March 8, 2004

Words and Pictures
"When a prophet of the LORD is among you, I reveal 
myself to him in visions, I speak to him in dreams. 
But this is not true of my servant Moses; he is 
faithful in all my house. With him I speak face to 
face, clearly and not in riddles; he sees the form of 
the LORD" (Bemidbar / Numbers 12:6-8).

Last week I made a statement that a couple of people 
took exception to. I had written,

"God chose to reveal himself through words, not 
pictures, not moving pictures. The inability of images 
to convey heavenly reality is expressed over and over 
again in the Scriptures."

(Note: You can read last week's message at:

I know what I intended to express, but the responses I 
received helped me to see how some people might 
understand it. I will attempt to clarify.

God reveals himself in many different ways. We read in 
the Scriptures how God has communicated through 
visions and dreams, human and angelic messengers. Once 
he gave a message through a mysterious hand writing on 
a wall, and on one occasion, he even spoke through the 
mouth of a donkey.

God also speaks through nature:

"The heavens declare the glory of God; the skies 
proclaim the work of his hands" (Tehillim / Psalms 
19:1 [Hebrew 19:2]).

There is much we can learn about God by studying the 
things he has made. His fingerprints, so to speak, are 
all over creation.

God communicates through religious articles and 
symbols. In ancient days, the center of worship for 
the people of Israel was a large tent-like structure, 
called the Mishkan, or in English, the Tabernacle. The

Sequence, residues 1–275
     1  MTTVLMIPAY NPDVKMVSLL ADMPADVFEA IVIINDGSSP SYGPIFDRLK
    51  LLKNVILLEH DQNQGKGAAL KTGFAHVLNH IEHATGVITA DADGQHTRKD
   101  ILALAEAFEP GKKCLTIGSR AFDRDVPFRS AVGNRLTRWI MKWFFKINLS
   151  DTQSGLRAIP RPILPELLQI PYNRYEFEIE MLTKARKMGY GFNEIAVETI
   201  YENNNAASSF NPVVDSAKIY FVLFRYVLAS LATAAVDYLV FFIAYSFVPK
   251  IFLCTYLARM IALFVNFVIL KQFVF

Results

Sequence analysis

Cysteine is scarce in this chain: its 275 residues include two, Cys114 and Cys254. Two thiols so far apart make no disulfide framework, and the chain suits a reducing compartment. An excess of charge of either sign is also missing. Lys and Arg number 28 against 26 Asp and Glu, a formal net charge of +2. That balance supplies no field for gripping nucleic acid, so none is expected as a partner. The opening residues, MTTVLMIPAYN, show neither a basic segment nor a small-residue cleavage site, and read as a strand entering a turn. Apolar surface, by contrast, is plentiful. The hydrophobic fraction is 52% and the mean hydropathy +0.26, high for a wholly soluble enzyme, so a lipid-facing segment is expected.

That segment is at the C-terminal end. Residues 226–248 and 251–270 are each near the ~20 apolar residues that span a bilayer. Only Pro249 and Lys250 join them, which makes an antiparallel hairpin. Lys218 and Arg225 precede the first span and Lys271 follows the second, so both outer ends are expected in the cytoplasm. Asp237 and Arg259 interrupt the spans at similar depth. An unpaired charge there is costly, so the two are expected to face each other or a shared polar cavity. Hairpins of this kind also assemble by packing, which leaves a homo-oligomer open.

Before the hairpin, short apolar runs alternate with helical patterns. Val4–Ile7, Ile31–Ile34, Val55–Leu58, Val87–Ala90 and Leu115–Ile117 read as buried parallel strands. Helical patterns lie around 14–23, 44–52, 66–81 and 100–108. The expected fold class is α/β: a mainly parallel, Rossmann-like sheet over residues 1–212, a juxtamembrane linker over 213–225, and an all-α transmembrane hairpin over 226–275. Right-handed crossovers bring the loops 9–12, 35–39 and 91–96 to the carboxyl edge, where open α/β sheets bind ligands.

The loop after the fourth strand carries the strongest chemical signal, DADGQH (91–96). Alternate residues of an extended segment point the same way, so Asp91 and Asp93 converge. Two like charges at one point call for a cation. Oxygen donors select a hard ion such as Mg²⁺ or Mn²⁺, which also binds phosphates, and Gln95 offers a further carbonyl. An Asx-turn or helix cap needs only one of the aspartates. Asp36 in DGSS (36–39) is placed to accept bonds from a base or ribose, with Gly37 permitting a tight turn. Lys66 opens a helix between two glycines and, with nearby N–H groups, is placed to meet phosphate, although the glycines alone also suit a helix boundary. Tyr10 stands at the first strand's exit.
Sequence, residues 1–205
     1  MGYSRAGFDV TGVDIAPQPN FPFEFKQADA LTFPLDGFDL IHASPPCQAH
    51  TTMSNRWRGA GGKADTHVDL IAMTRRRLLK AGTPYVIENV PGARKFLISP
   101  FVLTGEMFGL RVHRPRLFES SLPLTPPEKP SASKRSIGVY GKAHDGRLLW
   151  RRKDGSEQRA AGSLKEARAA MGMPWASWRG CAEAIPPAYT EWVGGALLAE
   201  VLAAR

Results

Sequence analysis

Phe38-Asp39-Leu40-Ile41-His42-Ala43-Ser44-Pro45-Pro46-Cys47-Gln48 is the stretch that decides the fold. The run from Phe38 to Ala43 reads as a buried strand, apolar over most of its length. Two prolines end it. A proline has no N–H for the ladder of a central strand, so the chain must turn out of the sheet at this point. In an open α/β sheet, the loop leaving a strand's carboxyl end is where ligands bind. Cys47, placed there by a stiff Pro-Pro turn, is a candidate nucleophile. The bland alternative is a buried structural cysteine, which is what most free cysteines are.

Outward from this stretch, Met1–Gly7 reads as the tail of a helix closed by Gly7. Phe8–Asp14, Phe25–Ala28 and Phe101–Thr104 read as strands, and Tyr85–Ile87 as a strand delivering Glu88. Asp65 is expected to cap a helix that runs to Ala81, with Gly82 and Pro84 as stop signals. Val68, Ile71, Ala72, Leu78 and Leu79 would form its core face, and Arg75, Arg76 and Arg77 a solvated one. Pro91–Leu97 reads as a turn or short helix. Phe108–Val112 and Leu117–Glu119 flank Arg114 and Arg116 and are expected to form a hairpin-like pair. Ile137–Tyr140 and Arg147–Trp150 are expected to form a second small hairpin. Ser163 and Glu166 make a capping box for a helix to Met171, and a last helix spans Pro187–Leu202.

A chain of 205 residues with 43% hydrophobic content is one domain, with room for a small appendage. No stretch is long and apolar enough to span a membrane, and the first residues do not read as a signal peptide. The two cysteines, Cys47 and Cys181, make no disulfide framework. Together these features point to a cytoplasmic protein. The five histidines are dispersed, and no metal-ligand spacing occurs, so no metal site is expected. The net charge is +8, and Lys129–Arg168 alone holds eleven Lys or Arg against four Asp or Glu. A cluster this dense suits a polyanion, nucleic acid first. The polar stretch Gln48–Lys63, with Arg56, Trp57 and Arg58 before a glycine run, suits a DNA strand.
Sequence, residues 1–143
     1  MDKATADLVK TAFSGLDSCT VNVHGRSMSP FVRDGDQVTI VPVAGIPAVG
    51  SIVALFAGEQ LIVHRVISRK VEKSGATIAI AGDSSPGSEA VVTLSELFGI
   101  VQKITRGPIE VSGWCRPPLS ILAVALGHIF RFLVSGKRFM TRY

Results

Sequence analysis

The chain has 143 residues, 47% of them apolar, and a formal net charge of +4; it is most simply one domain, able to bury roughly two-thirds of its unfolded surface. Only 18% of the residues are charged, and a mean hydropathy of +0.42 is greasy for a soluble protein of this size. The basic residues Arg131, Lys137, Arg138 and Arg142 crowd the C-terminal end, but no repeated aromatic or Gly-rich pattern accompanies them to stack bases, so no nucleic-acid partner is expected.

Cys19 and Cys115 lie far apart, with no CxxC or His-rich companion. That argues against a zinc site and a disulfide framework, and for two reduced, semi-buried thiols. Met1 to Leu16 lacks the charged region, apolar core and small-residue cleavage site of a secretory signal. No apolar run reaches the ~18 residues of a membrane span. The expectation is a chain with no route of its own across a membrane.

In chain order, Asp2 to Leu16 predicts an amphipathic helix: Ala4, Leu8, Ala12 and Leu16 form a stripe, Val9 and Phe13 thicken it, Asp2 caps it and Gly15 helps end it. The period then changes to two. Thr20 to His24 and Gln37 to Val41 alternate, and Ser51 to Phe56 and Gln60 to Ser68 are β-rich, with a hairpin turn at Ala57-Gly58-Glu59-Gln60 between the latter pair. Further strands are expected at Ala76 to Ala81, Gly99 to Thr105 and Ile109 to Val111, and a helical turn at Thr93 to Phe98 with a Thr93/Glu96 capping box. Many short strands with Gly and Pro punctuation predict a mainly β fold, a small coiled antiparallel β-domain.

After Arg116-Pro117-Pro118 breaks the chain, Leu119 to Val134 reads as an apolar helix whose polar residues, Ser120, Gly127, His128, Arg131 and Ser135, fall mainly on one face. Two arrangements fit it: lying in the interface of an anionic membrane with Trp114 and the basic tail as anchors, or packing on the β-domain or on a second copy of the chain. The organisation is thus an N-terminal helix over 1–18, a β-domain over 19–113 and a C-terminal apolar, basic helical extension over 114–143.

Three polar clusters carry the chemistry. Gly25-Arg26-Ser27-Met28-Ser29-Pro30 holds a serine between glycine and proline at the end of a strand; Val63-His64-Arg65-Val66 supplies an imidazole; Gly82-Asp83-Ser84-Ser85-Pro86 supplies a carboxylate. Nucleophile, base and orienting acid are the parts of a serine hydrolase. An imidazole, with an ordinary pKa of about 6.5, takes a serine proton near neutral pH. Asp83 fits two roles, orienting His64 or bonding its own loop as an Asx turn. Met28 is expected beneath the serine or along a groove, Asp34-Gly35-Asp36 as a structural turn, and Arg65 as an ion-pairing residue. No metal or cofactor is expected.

Mishkan was the place the sacrifices were made. The 
furniture, decorations, and even the layout of the 
Mishkan and all it contained were designed to teach 
the people about God.

If God reveals himself through so many ways such as 
these, then why would I say, "God chose to reveal 
himself through words, not pictures, not moving 

What I intended to express was that God's preferred 
method of communicating who he is to people is through 
words. Certainly God appeared to Abraham, Moses and 
others. But they did not then spend their lives 
seeking to get people to picture what they saw. 
Instead they spoke and wrote about God's character and 
his instructions.

Human beings tend to want to grasp an image of God, 
whether it be a literal image or a mental one. We are 
very uncomfortable relating to a God who is 
intangible, untouchable, and vague.

God forbid the people of Israel to make and worship 
images of heavenly things. I believe one of the 
reasons for that is that our hands could never create 
anything that would fully contain the reality of God.

Even when God speaks to us though the means mentioned 
above, we must never confuse our glimpses of God's 
reality with God himself. Too often people enshrine 
their divine experiences. It is easier to revisit our 
past spiritual experiences (or other people's past 
experiences), than to daily open ourselves to the 
infinite vastness of an uncontainable, uncontrollable, 
unpredictable God.

The Bible is our God-given reference point through 
which we can truly know him. Not only can we 
powerfully encounter God in his reality through the 
words of Scripture, it also helps us to properly 
interpret our encounters with him as he speaks to us 
beyond its pages.